As I previously announced, I have made a commitment to pilot the use of full-body imaging scanners. There is a range of technologies available, and the pilot will focus on two of those — transmission X-ray and millimetre wave — with a view to assessing their suitability for use in Northern Ireland’s prisons.
Transmission X-ray scanners have not yet been approved for use in UK prisons, and authorisation must be obtained under the Justification of Practices Involving Ionising Radiation Regulations 2004. An application for use in a prison setting has been made for Holme House prison in Yorkshire. However, it is clear that that process will take some months to complete. I will therefore be writing to the Environment Minister this week regarding the submission of a separate application in respect of prisons in Northern Ireland.
The use of millimetre wave scanners does not require the same level of approval, and the Prison Service will therefore be able to commence a pilot of those scanners sooner than the pilot of the transmission X-ray scanners. Prison Service officials have received a written proposal from one supplier to facilitate the pilot of millimetre wave body scanners at Magilligan prison and Hydebank Wood YOC. I hope to receive proposals from the other supplier later this week. I can also confirm that I wrote to the Justice Committee on 3 May to provide further details on the necessary steps for the piloting of full-body imaging scanners.
Go raibh maith agat, a LeasCheann Comhairle. I thank the Minister for his answer. Will he give us dates or at least a time frame for the pilot schemes to start and, more importantly, finish so that, if the scanners work, they can be given to all prisons to stop the controversy around full-body searches?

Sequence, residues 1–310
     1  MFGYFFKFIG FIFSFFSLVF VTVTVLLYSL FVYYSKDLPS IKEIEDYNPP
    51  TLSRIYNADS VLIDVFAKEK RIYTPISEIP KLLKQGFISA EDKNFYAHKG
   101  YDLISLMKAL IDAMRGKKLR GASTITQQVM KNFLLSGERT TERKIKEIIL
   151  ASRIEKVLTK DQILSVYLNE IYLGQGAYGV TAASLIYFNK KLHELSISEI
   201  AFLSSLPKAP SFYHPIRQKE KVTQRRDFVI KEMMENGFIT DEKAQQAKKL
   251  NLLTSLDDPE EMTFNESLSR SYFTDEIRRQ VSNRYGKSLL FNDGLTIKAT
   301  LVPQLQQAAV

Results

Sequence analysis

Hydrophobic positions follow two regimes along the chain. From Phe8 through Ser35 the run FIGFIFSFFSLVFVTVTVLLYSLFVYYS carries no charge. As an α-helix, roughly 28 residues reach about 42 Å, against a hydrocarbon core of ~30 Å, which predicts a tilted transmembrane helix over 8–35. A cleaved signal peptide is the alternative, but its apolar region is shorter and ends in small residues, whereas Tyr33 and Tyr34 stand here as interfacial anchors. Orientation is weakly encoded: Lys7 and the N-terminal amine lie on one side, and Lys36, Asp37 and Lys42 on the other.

I appreciate Mr Kelly’s point, but I regret that I cannot give any timescale for the pilot of transmission X-ray scanners because of the issues of approval, which lie beyond our responsibility. I am hopeful, as I said previously, that we will see the millimetre wave scanners in the two units at some point during the summer for a trial period of between three and six months and an assessment as fast as possible thereafter.
I appreciate Mr Anderson’s point, but the security assessment will be done on the basis of seeing how the scanners operate as opposed to the current full-body searching.
As far as the costs are concerned, given the sensitivity of the negotiations that are under way between two suppliers, it would be a little bit foolish to go into the detail of costs at this stage. Obviously, costs will be made available when it is possible to reveal them without damaging commercial sensitivity.
The pilot schemes will be evaluated by Prison Service staff, who will call in such outside expertise as they require.
I thank the Minister for his responses. Does he agree that the aim is to end the protest and tension in Roe House? Will he assure that House that, in expediting the pilot scheme on full-body scanners, he will implement the findings as quickly as possible across all prisons?
I agree that there is an urgency about ending the protest by some prisoners in Roe House. However, in support of the PRT’s recommendation 8, we are trying to find suitable alternatives to full-body searching to meet the needs of prisoners and prison staff across all three institutions, not just those of separated prisoners.